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Explore the use of symbolism, pathetic fallacy and metaphors in Great Expectations.

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Transfer-Encoding: chunked ´╗┐Explore the use of symbolism, pathetic fallacy and metaphors in Great Expectations. Throughout Great Expectations, Dickens liberally employs symbolism, pathetic fallacy and metaphor and particularly in his use of weather does he emphasise and magnify Pip's emotional states, unconscious opinions, and gut feelings. At the same time, the weather also foreshadows momentous changes in Pip's life. In Chapter 1, Dickens uses the pathetic fallacy to show characterization, mirroring the psyches of both Pip and Magwitch by creating a sinister atmosphere. Pip's name suggests that like a seed, he is small, young and vulnerable, and will grow into maturity / ?manhood?. Amid Pip's experience with Magwitch, an uneasy climate allows Dickens to depict Pip as being defenceless and frail. ...read more.


The comparison of the wind 'rushing' to a predator and the personification of the red sky being 'angry' again suggests violence and death, again proposing an ominous atmosphere. Dickens also uses symbolism, pathetic fallacy and imagery to comment on the rigid class structure and social injustices of Victorian England; specifically, the desire for social advancement and the moral decay of the upper class. He is highly critical of the class ideology of his time and effectively conveys it through imagery to address the injustices built into the class system. Through his novel, Dickens establishes that changes for social mobility exist, through Pip?s social advancement. After visiting Miss Havisham, Pip feels shame towards his life at the forge and forms an idealised view of the wealthy upper class. ...read more.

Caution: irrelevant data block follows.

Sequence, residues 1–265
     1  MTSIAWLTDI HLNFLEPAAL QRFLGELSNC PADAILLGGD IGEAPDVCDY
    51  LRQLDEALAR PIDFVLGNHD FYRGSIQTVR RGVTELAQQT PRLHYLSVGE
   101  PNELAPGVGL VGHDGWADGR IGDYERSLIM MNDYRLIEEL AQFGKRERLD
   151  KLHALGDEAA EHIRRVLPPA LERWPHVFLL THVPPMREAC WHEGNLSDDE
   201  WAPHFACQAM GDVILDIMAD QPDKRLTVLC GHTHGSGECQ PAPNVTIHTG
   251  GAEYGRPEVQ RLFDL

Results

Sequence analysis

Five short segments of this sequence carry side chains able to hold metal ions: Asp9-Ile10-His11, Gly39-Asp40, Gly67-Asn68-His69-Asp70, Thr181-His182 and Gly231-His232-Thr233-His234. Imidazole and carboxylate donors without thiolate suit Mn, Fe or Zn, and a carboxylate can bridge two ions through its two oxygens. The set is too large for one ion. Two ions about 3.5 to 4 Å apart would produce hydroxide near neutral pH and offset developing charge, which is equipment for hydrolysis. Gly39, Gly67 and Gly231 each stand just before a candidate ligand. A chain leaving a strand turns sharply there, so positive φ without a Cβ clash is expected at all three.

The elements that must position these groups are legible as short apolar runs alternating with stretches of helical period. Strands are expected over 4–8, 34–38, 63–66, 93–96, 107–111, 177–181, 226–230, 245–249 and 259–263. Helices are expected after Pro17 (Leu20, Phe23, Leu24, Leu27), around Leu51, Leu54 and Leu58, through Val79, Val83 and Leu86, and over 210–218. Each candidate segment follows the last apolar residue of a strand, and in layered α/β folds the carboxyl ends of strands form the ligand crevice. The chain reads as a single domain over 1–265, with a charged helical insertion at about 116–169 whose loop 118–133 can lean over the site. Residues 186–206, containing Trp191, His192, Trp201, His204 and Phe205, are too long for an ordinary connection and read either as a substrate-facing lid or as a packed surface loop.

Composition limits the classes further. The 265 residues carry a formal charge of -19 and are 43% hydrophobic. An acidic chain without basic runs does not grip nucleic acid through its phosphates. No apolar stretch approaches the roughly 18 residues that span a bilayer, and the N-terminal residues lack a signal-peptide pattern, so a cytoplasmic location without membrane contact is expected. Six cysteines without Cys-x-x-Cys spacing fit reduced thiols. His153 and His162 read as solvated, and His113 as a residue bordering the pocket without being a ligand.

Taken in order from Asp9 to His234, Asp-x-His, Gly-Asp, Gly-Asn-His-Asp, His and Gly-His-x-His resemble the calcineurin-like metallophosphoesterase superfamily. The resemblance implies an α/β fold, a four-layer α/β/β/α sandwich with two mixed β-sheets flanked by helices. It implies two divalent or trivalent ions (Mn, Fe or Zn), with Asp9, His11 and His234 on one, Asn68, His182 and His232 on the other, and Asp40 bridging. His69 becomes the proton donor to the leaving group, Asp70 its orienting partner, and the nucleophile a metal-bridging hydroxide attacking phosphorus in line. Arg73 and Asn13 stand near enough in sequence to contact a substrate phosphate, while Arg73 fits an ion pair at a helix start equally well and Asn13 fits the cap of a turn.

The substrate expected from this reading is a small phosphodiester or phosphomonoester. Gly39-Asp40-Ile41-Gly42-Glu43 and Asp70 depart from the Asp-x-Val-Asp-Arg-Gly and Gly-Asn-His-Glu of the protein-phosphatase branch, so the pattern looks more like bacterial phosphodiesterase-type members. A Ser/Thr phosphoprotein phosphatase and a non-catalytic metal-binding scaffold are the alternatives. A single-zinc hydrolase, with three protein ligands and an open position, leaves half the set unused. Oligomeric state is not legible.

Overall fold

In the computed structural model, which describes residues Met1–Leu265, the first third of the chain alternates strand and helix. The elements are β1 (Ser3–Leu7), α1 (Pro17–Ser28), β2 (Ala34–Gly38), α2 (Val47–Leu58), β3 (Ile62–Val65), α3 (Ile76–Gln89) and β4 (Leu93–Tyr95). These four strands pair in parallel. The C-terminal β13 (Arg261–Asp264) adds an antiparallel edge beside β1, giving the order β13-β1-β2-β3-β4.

Day after day, a vast heavy veil had been driving over London?. Dickens also employs pathetic fallacy to reflect Pip?s psychological state in different stages of his journey. In the ending of the novel, Pip is stripped of his wealth and high social status and returns home after his modest employment as a clerk overseas. ?The evening mists were rising now[?]the broad expanse of tranquil light?. Again, Pip?s mood is conveyed through his environment. The clearing weather of home suggests he is now content and comfortable with his working class roots. Dickens romanticises the country and the working class ideals, associating it with morality and happiness. He often juxtaposes the images of the countryside with the city and the upper class to emphasise that it is the seat of corruption and despair. ...read more.

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